The goal of Biblical Studies Online is to provide both biblical scholars and the interested wider public with ease of access to quality biblical scholarship, as it comes available online.
. . . .
Unfortunately, it is often difficult to locate these resources on the internet, and sometimes difficult for those less experienced with biblical scholarship to distinguish worthwhile material from that which is inaccurate or even grossly misleading. And when it comes to the Bible, there is no shortage of the latter to be found. For this reason, Biblical Studies Online offers a gateway for the dissemination and publicizing of worthwhile open-access, online biblical scholarship.
Sounds like a great resource. Professor James Crossley is one of the two scholars listed as a maintainer of the site and given that Crossley has published protests against faith-based scholarship and is a strong advocate of a secular approach to biblical studies I allowed myself hope that “quality biblical scholarship” and “worthwhile material” would mean work free from confessional bias. Crossley, after all, is well aware that the entire field of New Testament studies risks the perception of being described as a “dubious” academic field. He even expresses some dismay that an academic conference should be opened with a prayer!
In September 2000 the annual British New Testament Conference, held in Roehampton, opened with both a glass of wine and a Christian prayer, the perfect symbols of middle-class Christianity, some might say. The glass of wine I can accept, but should an academic meeting that explicitly has no official party line really hold a collective prayer at its opening, particularly when some of the participants are certainly nonreligious and some possibly from non-Christian faiths? Leaving aside the moral issue, the fact that there is an overwhelming Christian presence in British NT scholarship is surely the reason that this could happen. Would other contemporary conferences in the humanities outside theology and biblical studies even contemplate prayer? Would the participants of nontheological conferences even believe that other academic conferences do such things? (Crossley, Why Christianity Happened, p. 23)
The most recent two videos posted by the Biblical Studies Online site are lectures by scholars (Professors Tigay and Gathercole) I recognize from my wider reading; the latter’s works I have posted about here. So given Crossley’s association with the site and the site’s own promotional stress on “quality” and “worthwhile” scholarship, I was not prepared for the latest video presentation by Professor Tigay opening with a PRAYER!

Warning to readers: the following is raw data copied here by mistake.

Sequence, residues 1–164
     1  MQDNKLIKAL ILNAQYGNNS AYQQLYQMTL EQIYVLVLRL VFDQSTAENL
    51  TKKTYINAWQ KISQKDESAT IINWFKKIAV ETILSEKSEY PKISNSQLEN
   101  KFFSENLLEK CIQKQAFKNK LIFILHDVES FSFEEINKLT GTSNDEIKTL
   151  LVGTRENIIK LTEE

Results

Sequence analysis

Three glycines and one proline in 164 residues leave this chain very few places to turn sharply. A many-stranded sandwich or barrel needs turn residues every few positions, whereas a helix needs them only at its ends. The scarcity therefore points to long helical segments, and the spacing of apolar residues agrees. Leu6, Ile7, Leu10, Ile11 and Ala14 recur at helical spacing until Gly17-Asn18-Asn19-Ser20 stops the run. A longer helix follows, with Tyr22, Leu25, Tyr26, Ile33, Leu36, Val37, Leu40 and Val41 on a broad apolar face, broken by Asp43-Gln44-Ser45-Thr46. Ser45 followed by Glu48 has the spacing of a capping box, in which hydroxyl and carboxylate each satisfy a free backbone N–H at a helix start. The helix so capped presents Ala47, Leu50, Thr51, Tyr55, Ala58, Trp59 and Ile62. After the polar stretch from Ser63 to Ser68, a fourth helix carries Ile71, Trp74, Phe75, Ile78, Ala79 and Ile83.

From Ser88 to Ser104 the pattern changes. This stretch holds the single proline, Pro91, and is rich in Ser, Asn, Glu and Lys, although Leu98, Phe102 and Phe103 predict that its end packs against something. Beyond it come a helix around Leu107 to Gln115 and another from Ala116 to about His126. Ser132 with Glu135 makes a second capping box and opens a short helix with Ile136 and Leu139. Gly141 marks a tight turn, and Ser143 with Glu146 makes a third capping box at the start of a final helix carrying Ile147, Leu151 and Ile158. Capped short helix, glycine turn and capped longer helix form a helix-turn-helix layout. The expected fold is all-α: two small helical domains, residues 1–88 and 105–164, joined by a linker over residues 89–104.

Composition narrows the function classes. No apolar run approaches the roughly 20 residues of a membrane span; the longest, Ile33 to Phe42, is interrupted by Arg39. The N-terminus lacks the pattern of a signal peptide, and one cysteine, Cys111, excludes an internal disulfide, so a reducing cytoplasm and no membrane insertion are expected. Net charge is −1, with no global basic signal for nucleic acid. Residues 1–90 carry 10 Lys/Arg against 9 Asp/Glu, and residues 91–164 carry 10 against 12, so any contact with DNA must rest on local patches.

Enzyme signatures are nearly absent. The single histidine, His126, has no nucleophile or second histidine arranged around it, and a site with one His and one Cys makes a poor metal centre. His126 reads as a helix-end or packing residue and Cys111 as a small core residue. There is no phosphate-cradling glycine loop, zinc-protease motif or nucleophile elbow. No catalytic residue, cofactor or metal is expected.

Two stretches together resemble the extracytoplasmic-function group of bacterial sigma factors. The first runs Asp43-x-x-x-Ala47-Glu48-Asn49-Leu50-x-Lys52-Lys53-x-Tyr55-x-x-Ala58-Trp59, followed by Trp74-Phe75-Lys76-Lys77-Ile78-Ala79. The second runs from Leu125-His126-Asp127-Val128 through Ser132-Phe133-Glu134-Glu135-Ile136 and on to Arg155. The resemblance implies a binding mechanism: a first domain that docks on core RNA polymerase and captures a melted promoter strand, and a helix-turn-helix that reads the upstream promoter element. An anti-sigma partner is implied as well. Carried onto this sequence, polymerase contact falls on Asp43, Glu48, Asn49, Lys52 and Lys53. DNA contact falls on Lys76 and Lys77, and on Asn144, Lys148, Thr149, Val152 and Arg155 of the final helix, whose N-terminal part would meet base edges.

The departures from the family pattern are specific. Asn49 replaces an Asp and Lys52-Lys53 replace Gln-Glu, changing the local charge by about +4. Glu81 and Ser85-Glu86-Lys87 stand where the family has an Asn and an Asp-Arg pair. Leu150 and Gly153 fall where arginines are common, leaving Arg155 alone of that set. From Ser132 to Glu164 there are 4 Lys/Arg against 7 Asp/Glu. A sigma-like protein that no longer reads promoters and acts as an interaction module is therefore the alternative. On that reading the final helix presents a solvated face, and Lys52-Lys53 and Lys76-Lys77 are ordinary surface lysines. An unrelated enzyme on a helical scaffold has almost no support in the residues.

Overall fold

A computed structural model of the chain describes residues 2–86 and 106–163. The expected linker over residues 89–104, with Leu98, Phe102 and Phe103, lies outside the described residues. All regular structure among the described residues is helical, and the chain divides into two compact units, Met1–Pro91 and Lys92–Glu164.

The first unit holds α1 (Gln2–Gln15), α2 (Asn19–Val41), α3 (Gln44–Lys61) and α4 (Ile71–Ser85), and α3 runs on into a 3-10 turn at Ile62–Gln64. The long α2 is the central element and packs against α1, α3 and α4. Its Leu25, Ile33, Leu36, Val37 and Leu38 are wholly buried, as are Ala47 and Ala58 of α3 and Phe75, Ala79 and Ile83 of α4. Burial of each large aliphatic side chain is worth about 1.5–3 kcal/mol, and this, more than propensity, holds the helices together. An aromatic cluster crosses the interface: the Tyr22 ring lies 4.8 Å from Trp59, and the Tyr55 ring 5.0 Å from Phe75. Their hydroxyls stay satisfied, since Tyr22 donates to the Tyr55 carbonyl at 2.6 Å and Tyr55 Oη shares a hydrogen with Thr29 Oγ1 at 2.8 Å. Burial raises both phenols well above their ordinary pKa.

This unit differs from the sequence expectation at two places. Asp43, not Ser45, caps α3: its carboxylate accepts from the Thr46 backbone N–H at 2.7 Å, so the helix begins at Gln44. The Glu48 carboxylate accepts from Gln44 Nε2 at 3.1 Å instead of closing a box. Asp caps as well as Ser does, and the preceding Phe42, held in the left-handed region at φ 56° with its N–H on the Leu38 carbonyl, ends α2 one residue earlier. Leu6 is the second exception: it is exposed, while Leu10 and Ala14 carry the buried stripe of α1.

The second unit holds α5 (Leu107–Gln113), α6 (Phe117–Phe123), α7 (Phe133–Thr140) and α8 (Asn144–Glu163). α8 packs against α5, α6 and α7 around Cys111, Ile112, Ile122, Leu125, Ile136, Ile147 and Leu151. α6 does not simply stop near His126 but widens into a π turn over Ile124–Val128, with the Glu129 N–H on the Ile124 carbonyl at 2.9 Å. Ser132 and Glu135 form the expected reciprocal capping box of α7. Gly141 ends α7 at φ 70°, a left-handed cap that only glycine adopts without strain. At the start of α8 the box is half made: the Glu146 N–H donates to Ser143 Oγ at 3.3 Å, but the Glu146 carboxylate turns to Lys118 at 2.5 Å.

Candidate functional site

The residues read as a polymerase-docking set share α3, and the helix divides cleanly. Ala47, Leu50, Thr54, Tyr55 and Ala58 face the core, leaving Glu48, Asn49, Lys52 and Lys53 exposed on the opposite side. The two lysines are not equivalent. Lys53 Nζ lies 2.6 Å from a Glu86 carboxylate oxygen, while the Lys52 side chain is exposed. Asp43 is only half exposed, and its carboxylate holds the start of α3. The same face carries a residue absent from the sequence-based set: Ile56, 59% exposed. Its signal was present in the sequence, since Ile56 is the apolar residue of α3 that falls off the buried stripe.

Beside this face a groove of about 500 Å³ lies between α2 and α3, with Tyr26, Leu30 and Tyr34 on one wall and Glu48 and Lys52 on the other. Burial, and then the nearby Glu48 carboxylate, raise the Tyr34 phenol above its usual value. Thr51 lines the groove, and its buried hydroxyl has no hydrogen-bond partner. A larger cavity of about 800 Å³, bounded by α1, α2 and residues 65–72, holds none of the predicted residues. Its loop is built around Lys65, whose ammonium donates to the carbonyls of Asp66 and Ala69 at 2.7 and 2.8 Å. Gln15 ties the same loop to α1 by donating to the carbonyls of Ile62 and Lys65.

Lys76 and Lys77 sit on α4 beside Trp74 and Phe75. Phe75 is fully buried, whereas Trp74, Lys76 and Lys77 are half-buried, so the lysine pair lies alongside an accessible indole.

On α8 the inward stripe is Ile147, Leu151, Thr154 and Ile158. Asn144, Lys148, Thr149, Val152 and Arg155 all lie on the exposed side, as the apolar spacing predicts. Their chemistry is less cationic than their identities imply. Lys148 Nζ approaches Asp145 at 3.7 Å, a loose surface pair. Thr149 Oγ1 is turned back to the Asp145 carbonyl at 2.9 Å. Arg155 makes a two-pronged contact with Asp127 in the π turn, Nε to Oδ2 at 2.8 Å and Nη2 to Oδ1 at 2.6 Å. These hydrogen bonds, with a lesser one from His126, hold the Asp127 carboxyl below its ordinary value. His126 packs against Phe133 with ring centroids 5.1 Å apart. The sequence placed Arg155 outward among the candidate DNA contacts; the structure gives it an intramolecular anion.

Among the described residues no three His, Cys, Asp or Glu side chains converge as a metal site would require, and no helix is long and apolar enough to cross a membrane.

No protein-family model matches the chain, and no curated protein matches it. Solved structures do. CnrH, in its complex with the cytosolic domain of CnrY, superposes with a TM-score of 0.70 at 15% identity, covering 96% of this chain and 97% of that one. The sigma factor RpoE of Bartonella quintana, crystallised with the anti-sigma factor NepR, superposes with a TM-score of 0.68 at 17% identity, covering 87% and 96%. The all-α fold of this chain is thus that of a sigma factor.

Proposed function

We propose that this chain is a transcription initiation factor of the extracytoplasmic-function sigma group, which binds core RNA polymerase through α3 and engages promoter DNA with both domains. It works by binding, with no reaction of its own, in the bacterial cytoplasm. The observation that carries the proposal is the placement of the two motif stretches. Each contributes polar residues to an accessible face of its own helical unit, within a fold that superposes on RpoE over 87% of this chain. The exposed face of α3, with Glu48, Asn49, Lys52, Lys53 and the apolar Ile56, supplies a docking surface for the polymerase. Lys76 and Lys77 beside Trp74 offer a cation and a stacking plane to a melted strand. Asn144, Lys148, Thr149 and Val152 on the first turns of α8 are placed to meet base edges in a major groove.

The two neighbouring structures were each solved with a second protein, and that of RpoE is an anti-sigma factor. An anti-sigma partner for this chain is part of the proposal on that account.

Advance to 3:50
I suppose what follows is a form of “biblical scholarship” but I would have categorized it under theology. The entire lecture is about how Jews and others have attempted to rationalize the biblical commands to exterminate the Canaanites with the sort of God and values worshipers want to believe in. Professor Tigay expressed his own view at the end: the genocidal commands were created by scribes attempting to explain why they saw no Canaanites around in their own day.
I would have expected a secular approach to the Deuteronomic laws to focus upon their origins, and that would have meant that Professor Tigay would have argued in some detail for his view and set his arguments beside alternative hypotheses. Rather, the lecture merely demonstrated the confessional interests of the professor, his audience, and the interests behind the site Biblical Studies Online.
An earlier video lecture [Link (https://biblicalstudiesonline.wordpress.com/2016/08/09/simon-gathercole-on-the-journeys-of-jesus-and-jewish-geography) no longer alive: Neil Godfrey, 24th July 2019] was delivered by Professor Gathercole. He was introduced as “one of the stars in academia of evangelical faith”. Thanks for the warning. I will be more aware of his bias next time I read any of his scholarly work.
Professor Gathercole begins by setting himself and his audience apart from “Jesus sceptics” and “sceptical scholars”. A scholar using “sceptical” as a negative descriptor!
What follows is just what I would expect to find set out in an evangelical tract that purports to prove that the Bible is “true”. Twenty-two of twenty-seven place-names in the Gospels are said to be found in other sources, and that compares with a similar ratio of thirty-five out of forty-four towns in Josephus’s writings being identified independently. Meanwhile the apocryphal gospels get place-names hopelessly mixed up.
Conclusion: no-one doubts Josephus wrote real history (despite his exaggerations), so it is implied that there is no excuse to doubt the reliability of the canonical gospels!
I found the framing the argument interesting. It went something like this: Josephus describes traveling from place A to B just as Jesus went from A to B, etc.
How can a geographical place itself support the historicity of a narrative story that is set there? Obviously it can’t. But this added to a site as a contribution to “quality biblical scholarship” and “worthwhile material”.
One has to assume that the other material posted on that site will only be “worthwhile” and “quality” in the eyes of those who have a devotional or evangelical interest in the Bible.
Latest posts by Neil Godfrey (see all)
- More of Something Light - 2020-09-24 08:59:26 GMT+0000
- Overthrowing the 2020 Election, US Safety and the World’s Future - 2020-09-24 02:09:03 GMT+0000
- Beware the “C” Word — Is the “Cult” Label Always Helpful? - 2020-09-22 13:36:27 GMT+0000
If you enjoyed this post, please consider donating to Vridar. Thanks!